Four animal rights campaigners who stole birds, rodents and dogs from a breeder have been convicted of burglary at Chichester Crown Court.
They are Grace Quantock, 19, and Linus Harrison, 20 - both of Yateley - Sarah Whitehead, 49, from Chichester, and Helen Luff, 39, from Littlehampton.
The gang broke into the Old Fuel Depot in Merston, West Sussex, in July 2005.
Whitehead was given a suspended jail term. The other three were given community service orders.
About 300 birds, 40 rabbits, 50 rats and an undisclosed number of guinea pigs were stolen in the burglary.
The court heard that Whitehead, a nurse, was informed by friends linked with the RSPCA in May last year that animals were being kept in poor conditions, with insufficient food and water.
She mistakenly thought the animal charity had not taken action surrounding the upkeep of the animals, when in fact it had.
The group's target was Philip Porter, who leased the premises at the Old Fuel Depot near Chichester and lived in a caravan on the site.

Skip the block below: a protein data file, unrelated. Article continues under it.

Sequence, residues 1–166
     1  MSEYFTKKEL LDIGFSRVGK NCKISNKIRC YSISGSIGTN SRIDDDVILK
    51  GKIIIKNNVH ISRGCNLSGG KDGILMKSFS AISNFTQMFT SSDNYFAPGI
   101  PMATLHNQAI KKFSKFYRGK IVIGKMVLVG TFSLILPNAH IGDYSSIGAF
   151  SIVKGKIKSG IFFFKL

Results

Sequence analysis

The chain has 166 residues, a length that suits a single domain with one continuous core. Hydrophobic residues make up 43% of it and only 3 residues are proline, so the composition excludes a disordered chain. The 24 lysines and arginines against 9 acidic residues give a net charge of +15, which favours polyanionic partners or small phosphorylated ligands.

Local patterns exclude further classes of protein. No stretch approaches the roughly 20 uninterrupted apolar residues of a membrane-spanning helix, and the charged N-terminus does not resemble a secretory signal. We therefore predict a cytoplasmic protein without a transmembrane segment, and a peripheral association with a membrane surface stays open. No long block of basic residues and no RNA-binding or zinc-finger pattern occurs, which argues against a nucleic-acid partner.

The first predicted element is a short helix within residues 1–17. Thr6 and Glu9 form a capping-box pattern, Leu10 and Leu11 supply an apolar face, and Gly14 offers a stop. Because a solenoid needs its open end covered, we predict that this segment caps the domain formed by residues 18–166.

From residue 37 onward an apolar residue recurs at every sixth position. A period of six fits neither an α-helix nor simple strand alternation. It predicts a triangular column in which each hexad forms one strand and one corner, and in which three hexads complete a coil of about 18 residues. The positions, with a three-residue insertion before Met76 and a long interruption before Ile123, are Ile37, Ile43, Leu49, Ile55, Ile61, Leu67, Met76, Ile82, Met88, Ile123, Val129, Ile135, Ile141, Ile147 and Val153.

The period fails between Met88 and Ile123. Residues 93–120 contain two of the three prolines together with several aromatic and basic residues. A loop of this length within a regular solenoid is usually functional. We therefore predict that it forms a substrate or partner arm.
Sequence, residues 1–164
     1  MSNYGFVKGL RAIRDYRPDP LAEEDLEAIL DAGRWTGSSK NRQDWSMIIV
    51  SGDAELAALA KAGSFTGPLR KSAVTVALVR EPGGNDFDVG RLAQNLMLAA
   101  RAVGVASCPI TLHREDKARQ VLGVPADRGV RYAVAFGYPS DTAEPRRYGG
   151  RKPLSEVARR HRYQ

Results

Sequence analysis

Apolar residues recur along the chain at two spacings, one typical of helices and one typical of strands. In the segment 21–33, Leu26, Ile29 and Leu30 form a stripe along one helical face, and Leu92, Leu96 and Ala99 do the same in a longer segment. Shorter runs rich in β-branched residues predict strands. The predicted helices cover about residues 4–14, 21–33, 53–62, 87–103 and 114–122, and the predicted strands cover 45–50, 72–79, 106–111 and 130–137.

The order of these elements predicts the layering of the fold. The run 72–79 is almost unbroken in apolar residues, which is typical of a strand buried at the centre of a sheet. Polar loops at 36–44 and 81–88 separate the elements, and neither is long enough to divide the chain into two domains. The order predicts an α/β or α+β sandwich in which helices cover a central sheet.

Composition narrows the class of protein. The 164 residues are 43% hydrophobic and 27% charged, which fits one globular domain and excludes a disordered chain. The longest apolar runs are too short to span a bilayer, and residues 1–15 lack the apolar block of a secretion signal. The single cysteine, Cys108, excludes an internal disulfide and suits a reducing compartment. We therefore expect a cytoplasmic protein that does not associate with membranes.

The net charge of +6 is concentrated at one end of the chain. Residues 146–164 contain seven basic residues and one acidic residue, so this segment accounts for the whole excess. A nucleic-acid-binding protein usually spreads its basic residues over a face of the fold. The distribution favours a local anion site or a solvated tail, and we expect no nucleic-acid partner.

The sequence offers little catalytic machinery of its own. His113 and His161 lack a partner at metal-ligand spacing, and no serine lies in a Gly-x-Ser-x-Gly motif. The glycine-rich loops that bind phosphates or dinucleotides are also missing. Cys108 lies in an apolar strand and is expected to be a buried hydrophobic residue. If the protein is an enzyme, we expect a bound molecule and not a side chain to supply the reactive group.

Mr Porter told the court that finding his animals missing had felt like "the whole world had been taken away from me".
The four were convicted following a four-week trial in July.
Whitehead, of Thorncroft Road in Littlehampton, was given a nine-month jail term suspended for two years, and a 120-hour community order.
Luff, of Kingsham Avenue, Chichester, was given a 100-hour community order.
Harrison, of Pondcroft in Yately, Hampshire, was given a 60-hour community order. He was also found guilty of an additional charge of residential burglary for the theft of Mr Porter's dog from his caravan.
'Form of vigilantism'
Quantock, of the same address as Harrison, was handed a community order with a curfew.
Judge John Sessions told them the raid had "involved a form of vigilantism - all of those involved taking the law into their own hands rather than pursuing matters through appropriate authorities".
He added that the mitigating factors included the fact the animals were being kept in poor conditions which could have led to disease or death, and no gratuitous damage or offence was done.
A spokesman for Sussex Police said: "We hope this will act as a deterrent to activists who are tempted to take legitimate protests over the boundary into criminal activity."